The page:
AMD’s relationship with the high-end of PC graphics cards has been a strained one of late, to say the least. It’s been a good many years since the Radeon side of the graphics divide has been able to put up a top-end GPU that can compete with its Nvidia rivals in the upper echelons of the gaming market.
There was hope, and hype, the Vega GPUs of last year would be the cards to change that, and for the months leading up to their launch we honestly thought there might be a chance it would happen. Sadly, the hype hasn’t matched up to the reality of the overpriced and underpowered RX Vega 64 and RX Vega 56 graphics cards.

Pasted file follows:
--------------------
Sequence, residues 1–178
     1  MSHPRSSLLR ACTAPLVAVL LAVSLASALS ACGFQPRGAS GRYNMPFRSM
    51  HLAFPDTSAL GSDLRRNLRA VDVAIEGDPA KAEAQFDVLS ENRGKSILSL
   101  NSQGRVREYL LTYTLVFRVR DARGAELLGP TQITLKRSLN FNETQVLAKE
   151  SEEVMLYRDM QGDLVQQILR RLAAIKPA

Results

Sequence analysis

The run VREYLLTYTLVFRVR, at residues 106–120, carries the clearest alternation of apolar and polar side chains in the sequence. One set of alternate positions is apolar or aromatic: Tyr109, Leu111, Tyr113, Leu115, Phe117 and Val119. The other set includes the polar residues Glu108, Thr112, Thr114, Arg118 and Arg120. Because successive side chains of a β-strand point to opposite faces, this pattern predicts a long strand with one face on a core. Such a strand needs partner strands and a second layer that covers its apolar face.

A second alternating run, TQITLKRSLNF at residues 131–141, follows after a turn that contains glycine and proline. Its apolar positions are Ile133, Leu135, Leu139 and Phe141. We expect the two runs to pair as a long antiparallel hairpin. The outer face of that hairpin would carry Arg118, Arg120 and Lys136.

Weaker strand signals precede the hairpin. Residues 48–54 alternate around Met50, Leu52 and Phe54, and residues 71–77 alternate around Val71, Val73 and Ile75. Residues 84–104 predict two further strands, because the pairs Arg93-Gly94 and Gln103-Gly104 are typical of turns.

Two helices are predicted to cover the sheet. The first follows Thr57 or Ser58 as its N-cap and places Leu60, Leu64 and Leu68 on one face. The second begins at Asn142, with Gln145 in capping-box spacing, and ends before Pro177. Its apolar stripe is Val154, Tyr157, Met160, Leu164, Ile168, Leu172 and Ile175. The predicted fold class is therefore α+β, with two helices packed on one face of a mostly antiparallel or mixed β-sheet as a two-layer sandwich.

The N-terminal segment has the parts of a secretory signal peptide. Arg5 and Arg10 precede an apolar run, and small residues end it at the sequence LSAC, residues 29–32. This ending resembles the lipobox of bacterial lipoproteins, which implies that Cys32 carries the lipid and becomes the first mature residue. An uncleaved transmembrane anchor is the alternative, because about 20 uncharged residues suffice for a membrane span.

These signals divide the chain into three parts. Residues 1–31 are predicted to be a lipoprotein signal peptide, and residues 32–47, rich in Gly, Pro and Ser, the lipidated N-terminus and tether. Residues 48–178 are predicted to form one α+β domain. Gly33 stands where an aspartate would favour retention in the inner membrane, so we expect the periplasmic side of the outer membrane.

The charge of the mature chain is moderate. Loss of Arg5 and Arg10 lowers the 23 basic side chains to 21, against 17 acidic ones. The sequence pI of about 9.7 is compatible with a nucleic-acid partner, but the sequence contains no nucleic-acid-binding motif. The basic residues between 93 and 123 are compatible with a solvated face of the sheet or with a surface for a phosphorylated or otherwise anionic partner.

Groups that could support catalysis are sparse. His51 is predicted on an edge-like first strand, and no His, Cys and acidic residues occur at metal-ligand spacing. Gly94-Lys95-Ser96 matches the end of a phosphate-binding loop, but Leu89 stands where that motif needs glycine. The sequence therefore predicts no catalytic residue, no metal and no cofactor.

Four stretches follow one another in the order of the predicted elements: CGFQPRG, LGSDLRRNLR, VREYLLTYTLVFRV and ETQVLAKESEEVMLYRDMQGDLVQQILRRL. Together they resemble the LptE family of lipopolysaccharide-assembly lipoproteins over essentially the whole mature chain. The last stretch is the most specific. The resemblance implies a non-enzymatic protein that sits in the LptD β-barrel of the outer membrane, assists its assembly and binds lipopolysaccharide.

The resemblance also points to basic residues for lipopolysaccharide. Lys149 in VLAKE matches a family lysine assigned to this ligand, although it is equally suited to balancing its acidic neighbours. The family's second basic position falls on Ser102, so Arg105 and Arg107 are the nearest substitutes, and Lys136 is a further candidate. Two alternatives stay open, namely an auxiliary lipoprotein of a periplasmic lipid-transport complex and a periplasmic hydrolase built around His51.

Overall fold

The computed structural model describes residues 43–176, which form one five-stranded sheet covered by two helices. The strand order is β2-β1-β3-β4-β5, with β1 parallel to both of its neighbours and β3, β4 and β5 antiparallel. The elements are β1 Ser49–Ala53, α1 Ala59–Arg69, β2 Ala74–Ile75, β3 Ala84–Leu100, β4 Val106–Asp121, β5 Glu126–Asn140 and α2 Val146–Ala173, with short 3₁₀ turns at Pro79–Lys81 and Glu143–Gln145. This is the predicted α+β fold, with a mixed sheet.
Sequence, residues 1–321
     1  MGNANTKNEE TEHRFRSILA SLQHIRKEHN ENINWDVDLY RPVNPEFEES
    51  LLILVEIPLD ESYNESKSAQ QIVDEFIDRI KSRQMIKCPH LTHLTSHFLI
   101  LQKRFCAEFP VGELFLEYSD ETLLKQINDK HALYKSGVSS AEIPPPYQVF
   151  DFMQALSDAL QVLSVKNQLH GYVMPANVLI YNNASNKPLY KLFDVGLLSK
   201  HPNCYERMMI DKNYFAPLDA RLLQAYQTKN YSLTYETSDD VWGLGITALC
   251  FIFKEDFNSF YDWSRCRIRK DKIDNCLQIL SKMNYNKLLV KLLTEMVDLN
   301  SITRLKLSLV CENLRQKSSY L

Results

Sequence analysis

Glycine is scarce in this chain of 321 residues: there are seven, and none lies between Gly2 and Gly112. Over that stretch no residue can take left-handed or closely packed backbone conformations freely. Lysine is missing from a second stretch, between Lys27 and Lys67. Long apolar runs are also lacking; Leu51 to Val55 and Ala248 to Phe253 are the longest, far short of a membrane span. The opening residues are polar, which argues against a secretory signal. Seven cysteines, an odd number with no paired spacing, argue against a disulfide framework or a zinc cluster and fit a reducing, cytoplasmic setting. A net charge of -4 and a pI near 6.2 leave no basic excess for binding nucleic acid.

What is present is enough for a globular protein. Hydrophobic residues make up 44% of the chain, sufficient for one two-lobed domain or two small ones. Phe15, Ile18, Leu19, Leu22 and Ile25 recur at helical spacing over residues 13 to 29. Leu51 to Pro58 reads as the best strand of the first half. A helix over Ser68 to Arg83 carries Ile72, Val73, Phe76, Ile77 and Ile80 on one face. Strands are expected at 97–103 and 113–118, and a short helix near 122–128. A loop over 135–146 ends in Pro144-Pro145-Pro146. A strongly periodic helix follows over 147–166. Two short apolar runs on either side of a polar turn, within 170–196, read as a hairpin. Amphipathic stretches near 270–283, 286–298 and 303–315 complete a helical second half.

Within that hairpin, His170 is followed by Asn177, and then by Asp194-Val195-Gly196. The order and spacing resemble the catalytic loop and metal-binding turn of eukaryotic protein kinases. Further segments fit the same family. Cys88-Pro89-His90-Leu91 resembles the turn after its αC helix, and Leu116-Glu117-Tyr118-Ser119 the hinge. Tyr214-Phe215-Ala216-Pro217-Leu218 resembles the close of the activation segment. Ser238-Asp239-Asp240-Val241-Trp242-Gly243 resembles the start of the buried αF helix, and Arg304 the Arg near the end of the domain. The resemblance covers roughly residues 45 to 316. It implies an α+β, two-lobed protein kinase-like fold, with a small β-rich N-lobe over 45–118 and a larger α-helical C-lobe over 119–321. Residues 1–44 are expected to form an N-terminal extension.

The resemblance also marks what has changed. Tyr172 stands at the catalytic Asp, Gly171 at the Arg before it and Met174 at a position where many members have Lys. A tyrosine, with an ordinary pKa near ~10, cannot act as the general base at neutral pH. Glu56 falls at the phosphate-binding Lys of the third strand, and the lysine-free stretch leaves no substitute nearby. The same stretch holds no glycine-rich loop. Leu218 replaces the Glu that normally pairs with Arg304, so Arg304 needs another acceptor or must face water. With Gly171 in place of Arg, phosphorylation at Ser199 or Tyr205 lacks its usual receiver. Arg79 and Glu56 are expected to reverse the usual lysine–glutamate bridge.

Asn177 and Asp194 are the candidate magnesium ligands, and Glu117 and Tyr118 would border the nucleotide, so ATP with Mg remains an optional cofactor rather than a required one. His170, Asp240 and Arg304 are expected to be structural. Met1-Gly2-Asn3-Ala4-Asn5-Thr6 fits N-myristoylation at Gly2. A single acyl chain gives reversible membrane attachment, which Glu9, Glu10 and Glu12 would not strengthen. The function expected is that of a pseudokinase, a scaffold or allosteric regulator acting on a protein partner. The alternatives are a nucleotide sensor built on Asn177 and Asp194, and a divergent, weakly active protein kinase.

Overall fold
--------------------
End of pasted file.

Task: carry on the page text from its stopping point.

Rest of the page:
And that has, in turn, meant that Dr. Lisa Su’s continued claims that AMD will be competitive at the high-end of the graphics market have been met with a certain amount of skepticism. We’ve long expected that the next-gen AMD Navi GPU architecture will be a replacement for the existing mainstream Polaris silicon, but should we be listening a little closer to what the AMD CEO and her corporate execs have been saying?